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Discussion in 'Varmint Hunting' started by nkyhornhunter, Feb 19, 2017.
I missed something? You calling someone a poacher, or saying you can't fix stupid(poacher)?
Must be some tuff squirrels up there in Indiana
I see both sides, I also have cattle. I would know witch way was safe to shoot at night on my farms but maybe not on others and what about that baby calf that mama has hide out down in the hollow, I have never tried the night hunting, It hard enough to kill them in the daytime
I don't live in Indiana, having moved to Central Kentucky in 2008. Up in Indiana we could use ANY Rimfire or any Centerfire ammunition for Hunting Squirrels. Up in my old Hunting Grounds, I mostly used either my .22 Hornet loaded down or my .25-20 Winchester Model 43 bolt action rifles. You'd be surprised to see how these two loads are less destructive on Squirrels when compared to a .22 LR Hollow Point or .22 Magnum. Even those various .17 Rimfires. My favorite "Squirrel" load in my .22 Hornet was 7.0 Grains/SR-4759/50 Grain "High Velocity" bullet, loaded up in Remington cases. Velocity is 1,500 FPS. Same load for my .25-20 except using an 86 grain Remington Bullet or cast lead bullet weighing 75 grains and using 4.0 grains of Unique. Just wonder why it not legal to use centerfires on Squirrels here in Kentucky, always been a mystery to me.
I think you had mentioned something about poachers and night hunting and I meant if a person is stupid enough to poach I can not fix that. I did not mean to insult anyone.
WOW! Guess Im with kyfuzzyface must be some tuff squirrels up there. Back when I was young brought home 2 reds with a crossman .177 pellet gun but I did put 20 pumps in it so probably did shoot like a .22 Hornet. Ha Ha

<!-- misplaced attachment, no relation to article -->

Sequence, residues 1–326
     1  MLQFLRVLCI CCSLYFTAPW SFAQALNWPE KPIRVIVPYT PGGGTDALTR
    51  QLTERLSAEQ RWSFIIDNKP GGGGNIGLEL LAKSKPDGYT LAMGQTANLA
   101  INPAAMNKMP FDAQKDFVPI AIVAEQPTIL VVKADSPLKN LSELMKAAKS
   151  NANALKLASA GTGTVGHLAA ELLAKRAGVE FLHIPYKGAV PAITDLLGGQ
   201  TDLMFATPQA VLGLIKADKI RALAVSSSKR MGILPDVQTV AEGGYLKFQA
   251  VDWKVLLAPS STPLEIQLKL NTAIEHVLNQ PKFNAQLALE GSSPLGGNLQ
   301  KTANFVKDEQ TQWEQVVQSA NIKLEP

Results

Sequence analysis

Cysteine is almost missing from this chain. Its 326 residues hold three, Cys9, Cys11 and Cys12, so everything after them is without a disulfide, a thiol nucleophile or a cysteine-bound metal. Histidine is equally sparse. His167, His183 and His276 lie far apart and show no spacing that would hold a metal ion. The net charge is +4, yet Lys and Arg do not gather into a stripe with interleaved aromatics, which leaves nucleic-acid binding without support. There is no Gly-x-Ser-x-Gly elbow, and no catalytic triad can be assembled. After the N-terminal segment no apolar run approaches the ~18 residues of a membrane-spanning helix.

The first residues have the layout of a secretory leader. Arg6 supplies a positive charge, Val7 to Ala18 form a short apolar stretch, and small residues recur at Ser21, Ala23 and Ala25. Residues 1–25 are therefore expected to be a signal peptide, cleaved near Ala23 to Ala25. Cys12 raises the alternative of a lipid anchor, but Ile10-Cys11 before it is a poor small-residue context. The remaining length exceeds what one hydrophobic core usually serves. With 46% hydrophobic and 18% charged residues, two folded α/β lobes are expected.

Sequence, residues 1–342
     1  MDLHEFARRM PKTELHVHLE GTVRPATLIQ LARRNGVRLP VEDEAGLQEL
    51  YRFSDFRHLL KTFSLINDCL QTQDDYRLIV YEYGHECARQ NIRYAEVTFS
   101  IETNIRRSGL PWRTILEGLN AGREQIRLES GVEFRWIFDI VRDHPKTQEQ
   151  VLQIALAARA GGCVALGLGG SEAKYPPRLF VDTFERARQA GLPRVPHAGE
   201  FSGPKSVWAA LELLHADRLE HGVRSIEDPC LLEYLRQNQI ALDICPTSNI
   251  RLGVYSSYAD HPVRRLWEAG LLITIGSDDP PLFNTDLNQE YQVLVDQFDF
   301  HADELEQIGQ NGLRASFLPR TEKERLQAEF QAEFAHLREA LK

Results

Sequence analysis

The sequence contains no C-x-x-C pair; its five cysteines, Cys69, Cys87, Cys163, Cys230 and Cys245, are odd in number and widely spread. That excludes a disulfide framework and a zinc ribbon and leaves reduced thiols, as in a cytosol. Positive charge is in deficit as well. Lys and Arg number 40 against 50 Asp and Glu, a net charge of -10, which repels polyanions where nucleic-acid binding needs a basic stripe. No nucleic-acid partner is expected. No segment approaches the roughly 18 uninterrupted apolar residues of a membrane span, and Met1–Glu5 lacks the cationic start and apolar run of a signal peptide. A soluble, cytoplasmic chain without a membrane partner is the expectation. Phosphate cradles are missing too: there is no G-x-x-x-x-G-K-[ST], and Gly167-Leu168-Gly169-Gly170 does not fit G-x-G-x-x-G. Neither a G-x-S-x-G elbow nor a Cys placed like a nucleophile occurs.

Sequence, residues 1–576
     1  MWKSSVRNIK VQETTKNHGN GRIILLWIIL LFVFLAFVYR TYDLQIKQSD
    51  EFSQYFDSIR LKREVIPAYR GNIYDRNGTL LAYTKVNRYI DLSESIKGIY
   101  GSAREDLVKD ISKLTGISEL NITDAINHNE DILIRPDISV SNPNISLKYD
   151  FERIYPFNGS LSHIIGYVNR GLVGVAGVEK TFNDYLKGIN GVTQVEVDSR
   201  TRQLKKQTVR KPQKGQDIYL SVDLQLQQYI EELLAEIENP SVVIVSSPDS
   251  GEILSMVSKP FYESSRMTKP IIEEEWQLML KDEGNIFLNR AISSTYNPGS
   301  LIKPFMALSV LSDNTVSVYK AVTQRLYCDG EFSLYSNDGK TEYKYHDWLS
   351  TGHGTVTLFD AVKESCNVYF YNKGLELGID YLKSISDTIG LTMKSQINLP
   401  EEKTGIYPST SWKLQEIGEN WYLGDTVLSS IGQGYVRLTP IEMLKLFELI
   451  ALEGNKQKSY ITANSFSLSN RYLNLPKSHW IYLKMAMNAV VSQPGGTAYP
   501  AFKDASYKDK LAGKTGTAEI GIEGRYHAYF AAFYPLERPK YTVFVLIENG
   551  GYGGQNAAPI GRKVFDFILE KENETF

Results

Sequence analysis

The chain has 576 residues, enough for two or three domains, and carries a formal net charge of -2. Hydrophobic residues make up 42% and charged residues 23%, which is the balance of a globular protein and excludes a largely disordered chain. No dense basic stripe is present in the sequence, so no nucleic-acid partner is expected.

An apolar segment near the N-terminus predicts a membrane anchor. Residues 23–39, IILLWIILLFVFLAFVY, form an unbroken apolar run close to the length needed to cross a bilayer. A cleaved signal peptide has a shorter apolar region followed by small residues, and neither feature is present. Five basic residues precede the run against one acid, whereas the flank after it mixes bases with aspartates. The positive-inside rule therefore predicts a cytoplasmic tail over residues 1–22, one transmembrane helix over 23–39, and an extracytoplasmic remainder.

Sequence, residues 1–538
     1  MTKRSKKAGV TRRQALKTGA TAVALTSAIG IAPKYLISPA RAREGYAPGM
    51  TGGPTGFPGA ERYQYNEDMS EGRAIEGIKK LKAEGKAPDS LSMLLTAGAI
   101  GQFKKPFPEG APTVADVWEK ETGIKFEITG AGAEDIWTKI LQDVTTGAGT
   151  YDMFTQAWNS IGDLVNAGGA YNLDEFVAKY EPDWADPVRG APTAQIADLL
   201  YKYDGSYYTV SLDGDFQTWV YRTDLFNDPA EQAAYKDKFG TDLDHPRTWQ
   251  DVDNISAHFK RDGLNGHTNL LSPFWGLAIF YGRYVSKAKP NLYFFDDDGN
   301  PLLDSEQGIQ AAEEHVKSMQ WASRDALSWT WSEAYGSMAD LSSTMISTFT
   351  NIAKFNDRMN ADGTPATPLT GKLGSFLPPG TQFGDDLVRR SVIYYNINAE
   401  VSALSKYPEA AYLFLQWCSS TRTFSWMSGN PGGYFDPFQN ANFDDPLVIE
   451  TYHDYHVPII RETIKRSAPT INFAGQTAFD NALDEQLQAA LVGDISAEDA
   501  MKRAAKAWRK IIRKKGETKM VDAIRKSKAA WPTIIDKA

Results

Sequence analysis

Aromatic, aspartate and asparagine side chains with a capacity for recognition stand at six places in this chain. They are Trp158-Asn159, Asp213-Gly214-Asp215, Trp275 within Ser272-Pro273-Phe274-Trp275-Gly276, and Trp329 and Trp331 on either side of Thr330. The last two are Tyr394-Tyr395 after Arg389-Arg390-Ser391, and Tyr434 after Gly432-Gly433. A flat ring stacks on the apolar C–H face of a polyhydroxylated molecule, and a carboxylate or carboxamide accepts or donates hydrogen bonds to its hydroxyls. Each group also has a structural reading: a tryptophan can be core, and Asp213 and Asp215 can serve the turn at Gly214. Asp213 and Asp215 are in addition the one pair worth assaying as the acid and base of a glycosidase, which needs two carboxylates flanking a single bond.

Harvested my very first Fox Squirrel with a .20 caliber Sheridan "Blue Streak" back when I was 12 years old, back in Indiana. Later, when I bought several brands of .22 Hornet rifles, I developed a light load to take Squirrels without blowing them to pieces. Same with my .25-20 Winchester Model 43, only factory 86 grain loads were non-destructive on Squirrels, but I also had a great cast gas checked 75 grain bullet load using Unique powder. (4.0 grains). It's just a mystery to me why small, reduced loaded centerfire cartridges, like the two mentioned; are not legal for Squirrel Hunting, when they ARE legal for Deer??
Probably due to firing in the air/distance they can travel
I understand your point, but I never had that problem Hunting Squirrels in Indiana, where it's not illegal to use centerfires. There were far more people around in the areas I hunted than where I now live in Central Kentucky. Besides a .22 LR, .22 Magnum, and even the .17 Rimfires travel just as far as a light loaded .22 Hornet @ 1,500 FPS.
They determine by caliber, not load. Just my guess on why it's not legal.
About the dumbest law we have is not being allowed to use a light year around. How are you supposed to safely see your target in moonlight?
But, I used a .22 (.224") bullet weighing 40-50 grains, in my .22 Hornet. Your .22 LR or .22 Magnum is a .223" - .224" diameter bullet.
My favorite 22 is a Savage 93 VF like this one.
But it's centerfire, correct?
YEP! My question, yet to be answered, why can't we use these small centerfire cartridges for Squirrels?? Sound like Kentucky "Gun Control" to me. While living in Indiana, we could use these small centerfires for Squirrels and it worked out fine, especially you reloaded light loads. Ricochets, are non-existent, as common with .22 Rimfires cartridges. Can't tell you how many Ricochets I heard while Squirrel hunting with other Hunters in the woods using semi-auto .22 LR firearms. A valid reason is what I am searching for, however, in the mean time, I'll just use my .22 LR CZ-452 or Ruger .22 LR. If I can't use my .22 Hornet rifle or even my .25-20 Winchester M-43 for hunting Squirrels; then they are useless here in Kentucky. I use my .222 CZ "LUX" rifle, my .270 Ruger M-77, and my Ruger M-77 Compact Magnum in .308 for Coyotes. My .22 Hornet or .25-20 rifles are a bit light for Coyotes at average range unless you are on top of them & Groundhogs are non-existent in my area. My average shot at a Coyote is around 150 yards out to 300 yards, and I don't want to wound anything with a small centerfire at those distant.